though there are some techniques we can use in certain situations to make our decisionmaking more objective.

‘another  point is you talked about astronomy not being empirical but it stems from empirical results.
No educated person would equate astrology and astronomy for example as 2 none empirical methods of looking at the universe because astronomy follows from knowledge of physics.’

The basis of astronomy is observation and classification, not experimentation—I don’t know too many people who can experiment on stars and galaxies!  A lot of astronomical knowledge is extrapolated from physics and chemistry, which are experimental sciences.


---------- FOLLOW-UP ----------

QUESTION: What do you think of my view on your cat issue.

You said why isn't it science that you know what your cat will do with food, but since science is impersonal, you need to make a passive statement about that all cats sharing specific characteristics X (such as those in your cat) will do actions Y with respect to cans of food  with Z characterstics. such that as long as X , Z remain the same Y has to always be the same action, but then you wouldn't be able to call what most people do science?
For example if you said X would be black cats, Z being cans with salty food Y would be eat it, then all black cats (ill/healthy), (hungry/full) would always eat any can with salty food

But all the natural sciences can live to those standards right? My point is yes people can predict something specific but it can't be generalised nor could it be impersonal

Answer
Well this relates to the drive for universalism--when you make an observation, or do an experiment, how widely can you apply what you’ve learned?   In our emotionally-motivated desire for universalism both researchers and ordinary people often mistakenly apply observations and experiments too widely.  If a child is attacked by a dog, for example, she may be afraid of all dogs, however friendly.  For a scientific example, it is only shockingly recently that researchers began to appreciate that medical tests on men may not be applicable to women.

http://www.slate.com/articles/health_and_science/medical_examiner/2010/07/drug_p

Applying things true of men to women is actually very widespread—sometimes it makes sense, often it doesn’t.  

I’m actually working on a paper on this subject now—something I’m calling the principle of interchangeability, in other words, ‘if X and Y are in the same category, then X is the same as Y.’  We believe this for a lot of things—you typically don’t say ‘I want THAT coin, not THAT coin’—but we also don’t believe it for a lot of things—we do typically say ‘I love THIS person, not THAT person.’ Our intuition tells us there are limits to interchangeability, and we don’t actually live our lives as if interchangeability were true—for example, no one could successfully pursue any kind of craft, including experimental science, using interchangeability--but it’s a foundational principle of scientific work.  Here’s a bit from the paper:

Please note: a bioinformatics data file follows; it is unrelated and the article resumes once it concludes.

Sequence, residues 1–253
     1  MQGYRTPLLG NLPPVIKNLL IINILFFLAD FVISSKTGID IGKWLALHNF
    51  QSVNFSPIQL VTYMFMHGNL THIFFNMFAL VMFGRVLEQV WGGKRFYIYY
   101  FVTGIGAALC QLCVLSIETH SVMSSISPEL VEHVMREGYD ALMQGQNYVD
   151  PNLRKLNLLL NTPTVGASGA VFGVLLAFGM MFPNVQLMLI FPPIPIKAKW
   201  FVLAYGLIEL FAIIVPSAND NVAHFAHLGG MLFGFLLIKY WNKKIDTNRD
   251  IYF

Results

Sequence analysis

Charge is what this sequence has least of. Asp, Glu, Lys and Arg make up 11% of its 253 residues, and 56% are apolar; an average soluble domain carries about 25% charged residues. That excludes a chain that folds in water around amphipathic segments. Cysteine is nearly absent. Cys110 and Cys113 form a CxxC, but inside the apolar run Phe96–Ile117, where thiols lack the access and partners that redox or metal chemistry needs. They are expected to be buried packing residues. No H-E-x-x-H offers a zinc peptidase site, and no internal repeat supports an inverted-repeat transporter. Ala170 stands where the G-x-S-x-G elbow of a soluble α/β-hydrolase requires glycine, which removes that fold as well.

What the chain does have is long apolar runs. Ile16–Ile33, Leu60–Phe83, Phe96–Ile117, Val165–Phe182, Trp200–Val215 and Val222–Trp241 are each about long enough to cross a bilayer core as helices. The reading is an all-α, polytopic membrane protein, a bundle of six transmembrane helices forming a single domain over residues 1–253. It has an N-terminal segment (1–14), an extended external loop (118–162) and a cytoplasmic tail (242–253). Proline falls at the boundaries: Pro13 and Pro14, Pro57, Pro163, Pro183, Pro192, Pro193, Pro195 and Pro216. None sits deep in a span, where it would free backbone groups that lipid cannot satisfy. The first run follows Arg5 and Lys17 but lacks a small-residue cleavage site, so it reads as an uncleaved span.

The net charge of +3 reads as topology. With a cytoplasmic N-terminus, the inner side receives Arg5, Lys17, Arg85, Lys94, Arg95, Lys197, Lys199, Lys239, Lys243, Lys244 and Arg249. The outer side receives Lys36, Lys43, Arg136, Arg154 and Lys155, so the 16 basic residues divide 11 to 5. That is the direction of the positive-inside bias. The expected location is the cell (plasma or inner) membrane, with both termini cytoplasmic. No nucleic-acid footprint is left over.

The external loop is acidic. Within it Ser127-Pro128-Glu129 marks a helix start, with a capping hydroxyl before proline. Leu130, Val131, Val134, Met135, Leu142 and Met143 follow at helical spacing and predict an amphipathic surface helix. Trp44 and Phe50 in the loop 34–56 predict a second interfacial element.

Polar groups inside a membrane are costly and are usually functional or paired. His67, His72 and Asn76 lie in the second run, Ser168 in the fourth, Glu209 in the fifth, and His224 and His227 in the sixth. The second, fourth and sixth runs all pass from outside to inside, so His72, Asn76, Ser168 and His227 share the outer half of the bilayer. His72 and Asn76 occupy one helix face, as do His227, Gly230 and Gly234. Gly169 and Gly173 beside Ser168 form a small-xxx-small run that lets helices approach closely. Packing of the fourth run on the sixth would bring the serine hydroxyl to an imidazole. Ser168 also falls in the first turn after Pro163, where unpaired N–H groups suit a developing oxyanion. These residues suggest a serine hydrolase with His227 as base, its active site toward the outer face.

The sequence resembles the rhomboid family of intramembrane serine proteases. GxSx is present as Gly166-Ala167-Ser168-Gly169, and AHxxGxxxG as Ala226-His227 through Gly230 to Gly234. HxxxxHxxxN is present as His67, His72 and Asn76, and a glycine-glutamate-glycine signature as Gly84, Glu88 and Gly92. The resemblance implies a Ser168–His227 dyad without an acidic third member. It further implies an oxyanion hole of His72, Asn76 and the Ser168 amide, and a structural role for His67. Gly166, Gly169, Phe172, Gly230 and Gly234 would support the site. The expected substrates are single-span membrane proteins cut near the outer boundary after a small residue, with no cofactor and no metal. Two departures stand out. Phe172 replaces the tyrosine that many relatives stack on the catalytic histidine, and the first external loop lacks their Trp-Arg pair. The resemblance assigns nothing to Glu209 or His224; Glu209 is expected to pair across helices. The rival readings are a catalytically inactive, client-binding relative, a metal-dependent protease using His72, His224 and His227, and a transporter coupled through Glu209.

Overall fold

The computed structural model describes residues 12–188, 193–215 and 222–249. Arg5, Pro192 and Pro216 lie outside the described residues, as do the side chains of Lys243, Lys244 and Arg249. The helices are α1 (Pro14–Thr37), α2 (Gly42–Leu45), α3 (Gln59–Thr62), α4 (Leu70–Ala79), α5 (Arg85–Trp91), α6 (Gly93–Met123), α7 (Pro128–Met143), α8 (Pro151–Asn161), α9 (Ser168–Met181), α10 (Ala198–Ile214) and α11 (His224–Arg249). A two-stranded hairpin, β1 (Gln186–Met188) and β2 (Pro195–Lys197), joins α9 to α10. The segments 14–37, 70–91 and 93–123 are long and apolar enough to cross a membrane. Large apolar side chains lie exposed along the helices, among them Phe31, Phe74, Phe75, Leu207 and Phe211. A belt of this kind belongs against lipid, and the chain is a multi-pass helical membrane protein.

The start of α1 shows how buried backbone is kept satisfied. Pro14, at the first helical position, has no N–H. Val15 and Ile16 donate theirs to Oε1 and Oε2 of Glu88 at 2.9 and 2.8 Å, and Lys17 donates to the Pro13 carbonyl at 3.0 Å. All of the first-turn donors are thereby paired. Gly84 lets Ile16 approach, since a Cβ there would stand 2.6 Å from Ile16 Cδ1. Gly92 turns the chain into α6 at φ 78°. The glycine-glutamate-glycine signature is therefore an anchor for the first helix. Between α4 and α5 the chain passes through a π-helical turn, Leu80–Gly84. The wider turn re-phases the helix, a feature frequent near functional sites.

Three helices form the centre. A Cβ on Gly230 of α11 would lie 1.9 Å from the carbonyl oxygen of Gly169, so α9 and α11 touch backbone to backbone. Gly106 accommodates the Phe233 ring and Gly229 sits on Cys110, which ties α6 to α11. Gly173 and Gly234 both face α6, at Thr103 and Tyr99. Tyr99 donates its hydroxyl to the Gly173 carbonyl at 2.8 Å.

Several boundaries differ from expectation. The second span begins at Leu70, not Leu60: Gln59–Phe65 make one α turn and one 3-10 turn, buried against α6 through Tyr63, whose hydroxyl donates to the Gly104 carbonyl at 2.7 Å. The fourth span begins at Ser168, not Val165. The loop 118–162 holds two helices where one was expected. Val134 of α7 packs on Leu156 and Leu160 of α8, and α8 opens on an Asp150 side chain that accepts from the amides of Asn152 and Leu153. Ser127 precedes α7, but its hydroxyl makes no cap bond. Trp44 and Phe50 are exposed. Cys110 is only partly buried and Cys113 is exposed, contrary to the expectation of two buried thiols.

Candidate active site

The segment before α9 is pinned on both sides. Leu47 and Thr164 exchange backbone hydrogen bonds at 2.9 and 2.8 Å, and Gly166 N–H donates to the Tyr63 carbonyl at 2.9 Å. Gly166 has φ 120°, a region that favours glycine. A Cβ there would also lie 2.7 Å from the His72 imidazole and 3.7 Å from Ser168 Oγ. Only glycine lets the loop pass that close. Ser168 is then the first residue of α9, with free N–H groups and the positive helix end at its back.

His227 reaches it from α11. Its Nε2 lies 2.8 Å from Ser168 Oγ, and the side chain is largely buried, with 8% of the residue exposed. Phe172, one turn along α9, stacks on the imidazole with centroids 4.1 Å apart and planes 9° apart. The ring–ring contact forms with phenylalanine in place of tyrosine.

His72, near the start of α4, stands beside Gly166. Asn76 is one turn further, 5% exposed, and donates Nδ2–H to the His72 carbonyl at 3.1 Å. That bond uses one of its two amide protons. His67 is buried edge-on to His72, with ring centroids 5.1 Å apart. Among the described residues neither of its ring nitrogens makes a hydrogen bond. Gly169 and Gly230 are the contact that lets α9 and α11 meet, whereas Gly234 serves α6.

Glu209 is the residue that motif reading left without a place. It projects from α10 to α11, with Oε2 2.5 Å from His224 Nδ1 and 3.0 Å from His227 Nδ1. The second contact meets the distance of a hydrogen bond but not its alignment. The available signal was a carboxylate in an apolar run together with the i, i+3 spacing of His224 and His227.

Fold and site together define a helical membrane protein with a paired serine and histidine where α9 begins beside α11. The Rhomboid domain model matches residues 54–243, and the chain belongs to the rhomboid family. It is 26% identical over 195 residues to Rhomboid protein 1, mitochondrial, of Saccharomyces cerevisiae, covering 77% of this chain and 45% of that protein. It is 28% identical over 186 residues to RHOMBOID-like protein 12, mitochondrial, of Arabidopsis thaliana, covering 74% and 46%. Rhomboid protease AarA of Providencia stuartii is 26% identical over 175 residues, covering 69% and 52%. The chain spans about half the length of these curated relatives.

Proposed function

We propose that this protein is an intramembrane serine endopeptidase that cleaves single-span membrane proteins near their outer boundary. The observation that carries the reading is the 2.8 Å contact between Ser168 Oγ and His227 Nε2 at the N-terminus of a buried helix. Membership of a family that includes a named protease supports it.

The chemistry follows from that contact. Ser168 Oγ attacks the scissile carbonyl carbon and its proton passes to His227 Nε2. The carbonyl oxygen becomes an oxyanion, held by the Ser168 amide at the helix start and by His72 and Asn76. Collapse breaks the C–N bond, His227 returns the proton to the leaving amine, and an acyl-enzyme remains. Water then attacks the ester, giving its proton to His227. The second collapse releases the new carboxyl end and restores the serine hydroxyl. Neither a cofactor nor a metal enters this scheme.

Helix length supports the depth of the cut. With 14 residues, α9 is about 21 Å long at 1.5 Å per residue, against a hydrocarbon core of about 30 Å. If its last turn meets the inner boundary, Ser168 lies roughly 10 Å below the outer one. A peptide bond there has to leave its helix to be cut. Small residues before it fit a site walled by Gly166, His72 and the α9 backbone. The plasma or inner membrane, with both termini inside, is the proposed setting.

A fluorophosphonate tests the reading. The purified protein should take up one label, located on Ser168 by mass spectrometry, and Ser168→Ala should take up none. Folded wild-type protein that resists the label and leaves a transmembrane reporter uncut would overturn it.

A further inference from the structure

‘It seems that all of these systems—science, capitalism, and religion--have in common the necessity for different things to be interchangeable.  Interchangeability is a tool that simplifies the world enough to allow us to apply rules of logic to it. But interchangeability is a tool, not a truth about the world.   Although it's certainly possible, and clearly useful, to apply the principle of interchangeability to create knowledge about the world, the truth is that every individual thing in the world is different than every other individual thing, due to unique location, history and relationships. Because we uncritically accept the principle of interchangeability, we don't realise that it's a creation of our own culture.   Other cultures, present as well as past, do not employ it to the degree or with the lack of understanding and consciousness that we do.’

Robert K. Merton includes universalism in his four ideals of science:

•Communalism – the common ownership of scientific discoveries, according to which scientists give up intellectual property in exchange for recognition and esteem.
•Universalism – according to which claims to truth are evaluated in terms of universal or impersonal criteria, and not on the basis of race, class, gender, religion, or nationality;
•Disinterestedness – according to which scientists are rewarded for acting in ways that outwardly appear to be selfless;
•Organized skepticism – all ideas must be tested and are subject to rigorous, structured community scrutiny.

The question we should be asking is how far these ideals are realised in practice (not as far as we’d like to think) and perhaps how far these ideals are possible for humans to meet.

History of Science and Technology

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Carolyn Dougherty

Expertise

I can probably answer most general questions about the history of science, technology and engineering from ancient to current; if I don't know a specific answer I can probably refer a questioner to an appropriate source. I have done original research in the history of computing and in British science and engineering in the 17th, 18th and early 19th centuries.

Experience

I am a PhD student at the University of York, writing about the carrying trade in the 18th century; my previous work at the university includes the early history of plate railways. I have taught courses in the history of science and engineering at York and other universities, and have presented several papers on various subjects in this field at academic conferences. I am also a practicing civil engineer.

Education/Credentials
BA--Berkeley, MSc--Berkeley, MA--York, currently working on a PhD at York.